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Using Nonfiction Narratives in an English Course to Teach the Nature of Science and Its Importance to Communicating About Science

    Authors: Jeanine Elise Aune1, Lynn Lundy Evans2, Nancy Boury3,*
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    Affiliations: 1: Department of English, Iowa State University, Ames, IA 50011; 2: Human Computer Interaction (HCI) and Supply Chain Management and Information Systems (SCIS), Iowa State University, Ames, IA 50011; 3: Department of Plant Pathology and Microbiology, Iowa State University, Ames, IA 50011
    AUTHOR AND ARTICLE INFORMATION AUTHOR AND ARTICLE INFORMATION
    Source: J. Microbiol. Biol. Educ. March 2018 vol. 19 no. 1 doi:10.1128/jmbe.v19i1.1435
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    Abstract:

    The nature of science (NOS) is a foundational framework for understanding scientific ideas and concepts. This framework includes scientific methodology, the process of revising and interpreting data, and the ways in which science is a social endeavor. Nature of science literature treats science as a way of knowing that is based on observable phenomenon. While discipline-specific coursework teaches the factual information of science, it may fall short on teaching scientific literacy, a key component of which is understanding NOS. We have designed an English course that features nonfiction narratives describing the early days of epidemiology, hygiene awareness, and the current controversy surrounding vaccination. Using a validated assessment of student understanding of NOS, the Student Understanding of Science and Scientific Inquiry (SUSSI), we have determined that this science-themed English composition course was effective in teaching NOS. Student understanding of NOS increased between the beginning and the end of the course in eight of the nine parameters of NOS measured, with the greatest gains in understanding the role of revision and of creativity in science. Our data imply that the course helped students develop a slightly less naïve understanding of the nature of science and its importance in the development and dissemination of scientific ideas and concepts.

References & Citations

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3. Abd-El-Khalick F, Lederman NG 2000 Improving science teachers’ conceptions of nature of science: a critical review of the literature Int J Sci Educ 22 665 701 10.1080/09500690050044044 http://dx.doi.org/10.1080/09500690050044044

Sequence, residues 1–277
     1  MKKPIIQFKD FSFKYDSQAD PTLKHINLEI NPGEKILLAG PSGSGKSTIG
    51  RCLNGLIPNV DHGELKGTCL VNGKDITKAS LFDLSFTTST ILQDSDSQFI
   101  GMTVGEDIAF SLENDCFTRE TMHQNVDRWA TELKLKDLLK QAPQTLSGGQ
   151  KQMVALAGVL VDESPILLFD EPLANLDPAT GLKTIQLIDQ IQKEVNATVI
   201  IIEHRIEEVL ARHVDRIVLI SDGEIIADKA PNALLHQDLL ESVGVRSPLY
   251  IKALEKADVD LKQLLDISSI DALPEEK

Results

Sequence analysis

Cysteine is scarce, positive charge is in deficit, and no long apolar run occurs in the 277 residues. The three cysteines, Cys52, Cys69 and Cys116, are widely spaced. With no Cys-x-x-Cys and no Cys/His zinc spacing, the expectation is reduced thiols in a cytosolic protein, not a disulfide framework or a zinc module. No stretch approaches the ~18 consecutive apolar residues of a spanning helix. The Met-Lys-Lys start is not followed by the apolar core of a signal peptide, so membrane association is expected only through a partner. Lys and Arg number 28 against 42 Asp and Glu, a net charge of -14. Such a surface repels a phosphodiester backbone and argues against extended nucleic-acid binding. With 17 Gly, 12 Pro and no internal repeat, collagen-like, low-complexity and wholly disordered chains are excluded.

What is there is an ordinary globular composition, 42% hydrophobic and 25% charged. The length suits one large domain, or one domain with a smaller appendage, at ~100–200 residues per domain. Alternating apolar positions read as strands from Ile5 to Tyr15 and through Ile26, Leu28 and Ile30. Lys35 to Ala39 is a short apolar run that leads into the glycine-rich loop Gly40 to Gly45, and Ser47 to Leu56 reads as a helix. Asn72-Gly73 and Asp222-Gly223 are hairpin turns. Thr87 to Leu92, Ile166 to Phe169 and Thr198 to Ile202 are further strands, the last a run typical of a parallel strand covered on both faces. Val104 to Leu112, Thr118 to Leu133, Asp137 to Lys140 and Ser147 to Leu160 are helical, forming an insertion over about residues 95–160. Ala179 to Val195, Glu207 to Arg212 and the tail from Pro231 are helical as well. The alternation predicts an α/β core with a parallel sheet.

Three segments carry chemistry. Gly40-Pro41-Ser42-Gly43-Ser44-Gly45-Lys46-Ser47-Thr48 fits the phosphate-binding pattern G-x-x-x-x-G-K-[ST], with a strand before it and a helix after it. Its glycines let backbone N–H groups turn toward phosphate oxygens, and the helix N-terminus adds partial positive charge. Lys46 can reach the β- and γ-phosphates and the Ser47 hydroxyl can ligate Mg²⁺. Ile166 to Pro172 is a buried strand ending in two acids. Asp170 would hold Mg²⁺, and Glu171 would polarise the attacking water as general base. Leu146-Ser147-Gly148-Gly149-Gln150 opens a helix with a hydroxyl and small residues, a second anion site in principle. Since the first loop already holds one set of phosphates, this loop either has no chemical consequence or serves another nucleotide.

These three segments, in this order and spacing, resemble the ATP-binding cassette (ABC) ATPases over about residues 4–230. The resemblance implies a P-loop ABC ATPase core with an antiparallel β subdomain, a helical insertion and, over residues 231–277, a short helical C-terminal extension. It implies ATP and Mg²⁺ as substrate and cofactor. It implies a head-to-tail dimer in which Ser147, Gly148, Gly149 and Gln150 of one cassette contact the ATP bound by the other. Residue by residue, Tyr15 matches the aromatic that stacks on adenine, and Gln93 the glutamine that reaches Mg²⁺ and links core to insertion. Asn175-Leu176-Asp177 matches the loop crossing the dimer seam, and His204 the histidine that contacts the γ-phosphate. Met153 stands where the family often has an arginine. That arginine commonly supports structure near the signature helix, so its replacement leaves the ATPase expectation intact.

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/content/journal/jmbe/10.1128/jmbe.v19i1.1435
2018-03-30
2019-08-18

Abstract:

The nature of science (NOS) is a foundational framework for understanding scientific ideas and concepts. This framework includes scientific methodology, the process of revising and interpreting data, and the ways in which science is a social endeavor. Nature of science literature treats science as a way of knowing that is based on observable phenomenon. While discipline-specific coursework teaches the factual information of science, it may fall short on teaching scientific literacy, a key component of which is understanding NOS. We have designed an English course that features nonfiction narratives describing the early days of epidemiology, hygiene awareness, and the current controversy surrounding vaccination. Using a validated assessment of student understanding of NOS, the Student Understanding of Science and Scientific Inquiry (SUSSI), we have determined that this science-themed English composition course was effective in teaching NOS. Student understanding of NOS increased between the beginning and the end of the course in eight of the nine parameters of NOS measured, with the greatest gains in understanding the role of revision and of creativity in science. Our data imply that the course helped students develop a slightly less naïve understanding of the nature of science and its importance in the development and dissemination of scientific ideas and concepts.

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